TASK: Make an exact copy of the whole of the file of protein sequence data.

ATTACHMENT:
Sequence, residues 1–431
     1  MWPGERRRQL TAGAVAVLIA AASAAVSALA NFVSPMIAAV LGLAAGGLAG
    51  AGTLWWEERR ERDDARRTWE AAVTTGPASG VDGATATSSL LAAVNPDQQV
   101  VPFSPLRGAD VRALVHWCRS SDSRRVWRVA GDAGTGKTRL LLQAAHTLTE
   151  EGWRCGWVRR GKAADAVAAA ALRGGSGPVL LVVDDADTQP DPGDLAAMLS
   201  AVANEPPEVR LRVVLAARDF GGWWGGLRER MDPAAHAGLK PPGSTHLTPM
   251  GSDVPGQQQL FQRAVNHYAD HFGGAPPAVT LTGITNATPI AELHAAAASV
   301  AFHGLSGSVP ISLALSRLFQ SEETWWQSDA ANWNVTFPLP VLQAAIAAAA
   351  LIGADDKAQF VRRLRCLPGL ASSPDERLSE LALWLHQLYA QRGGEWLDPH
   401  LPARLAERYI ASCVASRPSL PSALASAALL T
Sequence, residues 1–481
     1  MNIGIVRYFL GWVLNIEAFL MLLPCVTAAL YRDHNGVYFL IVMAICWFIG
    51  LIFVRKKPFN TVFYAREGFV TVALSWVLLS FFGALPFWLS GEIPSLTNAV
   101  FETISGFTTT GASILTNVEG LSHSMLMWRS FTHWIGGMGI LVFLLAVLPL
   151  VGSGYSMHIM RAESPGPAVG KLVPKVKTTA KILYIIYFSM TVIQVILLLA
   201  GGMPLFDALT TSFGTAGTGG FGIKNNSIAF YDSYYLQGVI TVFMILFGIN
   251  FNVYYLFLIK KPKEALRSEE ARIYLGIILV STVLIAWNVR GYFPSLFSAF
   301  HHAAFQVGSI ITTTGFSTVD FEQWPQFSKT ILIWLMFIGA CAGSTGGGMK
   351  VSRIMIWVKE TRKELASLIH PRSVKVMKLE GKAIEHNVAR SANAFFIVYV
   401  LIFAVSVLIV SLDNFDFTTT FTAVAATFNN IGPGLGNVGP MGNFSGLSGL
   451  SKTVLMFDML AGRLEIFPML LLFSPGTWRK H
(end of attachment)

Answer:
Sequence, residues 1–431
     1  MWPGERRRQL TAGAVAVLIA AASAAVSALA NFVSPMIAAV LGLAAGGLAG
    51  AGTLWWEERR ERDDARRTWE AAVTTGPASG VDGATATSSL LAAVNPDQQV
   101  VPFSPLRGAD VRALVHWCRS SDSRRVWRVA GDAGTGKTRL LLQAAHTLTE
   151  EGWRCGWVRR GKAADAVAAA ALRGGSGPVL LVVDDADTQP DPGDLAAMLS
   201  AVANEPPEVR LRVVLAARDF GGWWGGLRER MDPAAHAGLK PPGSTHLTPM
   251  GSDVPGQQQL FQRAVNHYAD HFGGAPPAVT LTGITNATPI AELHAAAASV
   301  AFHGLSGSVP ISLALSRLFQ SEETWWQSDA ANWNVTFPLP VLQAAIAAAA
   351  LIGADDKAQF VRRLRCLPGL ASSPDERLSE LALWLHQLYA QRGGEWLDPH
   401  LPARLAERYI ASCVASRPSL PSALASAALL T
Sequence, residues 1–481
     1  MNIGIVRYFL GWVLNIEAFL MLLPCVTAAL YRDHNGVYFL IVMAICWFIG
    51  LIFVRKKPFN TVFYAREGFV TVALSWVLLS FFGALPFWLS GEIPSLTNAV
   101  FETISGFTTT GASILTNVEG LSHSMLMWRS FTHWIGGMGI LVFLLAVLPL
   151  VGSGYSMHIM RAESPGPAVG KLVPKVKTTA KILYIIYFSM TVIQVILLLA
   201  GGMPLFDALT TSFGTAGTGG FGIKNNSIAF YDSYYLQGVI TVFMILFGIN
   251  FNVYYLFLIK KPKEALRSEE ARIYLGIILV STVLIAWNVR GYFPSLFSAF
   301  HHAAFQVGSI ITTTGFSTVD FEQWPQFSKT ILIWLMFIGA CAGSTGGGMK
   351  VSRIMIWVKE TRKELASLIH PRSVKVMKLE GKAIEHNVAR SANAFFIVYV
   401  LIFAVSVLIV SLDNFDFTTT FTAVAATFNN IGPGLGNVGP MGNFSGLSGL
   451  SKTVLMFDML AGRLEIFPML LLFSPGTWRK H